Then again, this reactive model makes total sense, as it is almost "textbook guide" to enabling and supporting abuse: Instead of making our actions, motivations and ("innocent") mistakes transparent by talking about the issues in a manner that is open to a child's perspective, we perceive or interpret what is being said as a threat to the adults involved and hide behind extensive drama, thus avoiding any further probing into what is actually happening here. If we were more willing to engage in self examination and open conversation, it would no longer be a given that an abuser can hide behind a predictable social mechanism, which is silencing the no and enabling the abuse. Which makes for one scary truth: If we continue to silence the no's until we have proof that something truly sinister is happening, it will be too late - but if we don't silence the no's we allow for the (even tiniest) possibility that something truly sinister is happening, which is too scary (and socially unacceptable). So the silence continues...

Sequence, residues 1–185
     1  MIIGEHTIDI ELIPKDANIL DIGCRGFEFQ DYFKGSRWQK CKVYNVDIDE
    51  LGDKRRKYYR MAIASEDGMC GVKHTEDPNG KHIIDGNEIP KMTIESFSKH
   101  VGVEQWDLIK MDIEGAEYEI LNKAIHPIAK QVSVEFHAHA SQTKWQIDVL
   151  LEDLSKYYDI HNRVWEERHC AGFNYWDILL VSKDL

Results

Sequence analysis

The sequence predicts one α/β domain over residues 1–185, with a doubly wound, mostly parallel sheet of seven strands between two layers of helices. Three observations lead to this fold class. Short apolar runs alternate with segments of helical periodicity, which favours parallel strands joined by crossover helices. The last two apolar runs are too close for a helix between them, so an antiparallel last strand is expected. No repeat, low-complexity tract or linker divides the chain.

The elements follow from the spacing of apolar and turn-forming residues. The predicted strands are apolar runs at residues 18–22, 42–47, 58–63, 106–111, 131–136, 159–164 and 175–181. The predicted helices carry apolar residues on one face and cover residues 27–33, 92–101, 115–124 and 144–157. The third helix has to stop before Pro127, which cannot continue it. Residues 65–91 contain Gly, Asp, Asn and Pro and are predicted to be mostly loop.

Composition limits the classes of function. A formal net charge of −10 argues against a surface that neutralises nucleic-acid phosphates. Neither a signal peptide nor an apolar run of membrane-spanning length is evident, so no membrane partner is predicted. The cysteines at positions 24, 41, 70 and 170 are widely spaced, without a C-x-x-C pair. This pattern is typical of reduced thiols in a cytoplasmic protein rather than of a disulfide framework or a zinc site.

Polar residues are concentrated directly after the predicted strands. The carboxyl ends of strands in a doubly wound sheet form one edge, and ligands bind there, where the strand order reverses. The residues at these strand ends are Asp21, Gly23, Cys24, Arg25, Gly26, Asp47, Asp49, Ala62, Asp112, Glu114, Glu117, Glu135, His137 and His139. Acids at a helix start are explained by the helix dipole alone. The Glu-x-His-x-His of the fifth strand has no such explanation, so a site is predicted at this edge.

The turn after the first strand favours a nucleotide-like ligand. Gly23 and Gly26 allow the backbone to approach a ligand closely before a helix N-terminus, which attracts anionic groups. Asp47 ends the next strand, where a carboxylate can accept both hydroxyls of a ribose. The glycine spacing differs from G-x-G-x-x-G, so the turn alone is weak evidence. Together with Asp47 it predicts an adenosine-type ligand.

The only way to break this cycle and to isolate the abusers from the "innocent" enablers is by truly examining and allowing dialogue around our own interactions with children - other people's and our own. This of course means we have to go to the dark places, where our own childhood and thus far unchallenged and unspoken rules might have to be questioned, where our need to fit in and to be liked might be an obstacle to acting in the best interest of our children, which ultimately is of course in our best interest. We have to be able to accept and admit that we can be "wrong" in the eyes of our children, that we can apologise for and re-evaluate our behaviour towards them and others. And most importantly demonstrate that we can have honest conversations about "It" all without shame or guilt and without losing each other in the process as friends and family. This more than anything we say will help our children recognize where boundaries are breached and empower them to talk about their discomfort - and ultimately protect them from becoming victims.